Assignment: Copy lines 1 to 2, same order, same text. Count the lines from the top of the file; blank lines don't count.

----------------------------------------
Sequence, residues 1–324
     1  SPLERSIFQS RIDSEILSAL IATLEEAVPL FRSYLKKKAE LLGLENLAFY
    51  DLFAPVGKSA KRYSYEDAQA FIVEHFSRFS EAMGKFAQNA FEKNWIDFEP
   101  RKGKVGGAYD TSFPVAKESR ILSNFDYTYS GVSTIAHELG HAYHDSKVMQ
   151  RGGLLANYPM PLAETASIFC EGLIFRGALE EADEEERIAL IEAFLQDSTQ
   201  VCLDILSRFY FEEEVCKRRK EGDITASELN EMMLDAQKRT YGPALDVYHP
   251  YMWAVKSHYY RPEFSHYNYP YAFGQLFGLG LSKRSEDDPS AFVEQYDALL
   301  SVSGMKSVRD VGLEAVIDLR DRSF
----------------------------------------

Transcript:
Sequence, residues 1–324
     1  SPLERSIFQS RIDSEILSAL IATLEEAVPL FRSYLKKKAE LLGLENLAFY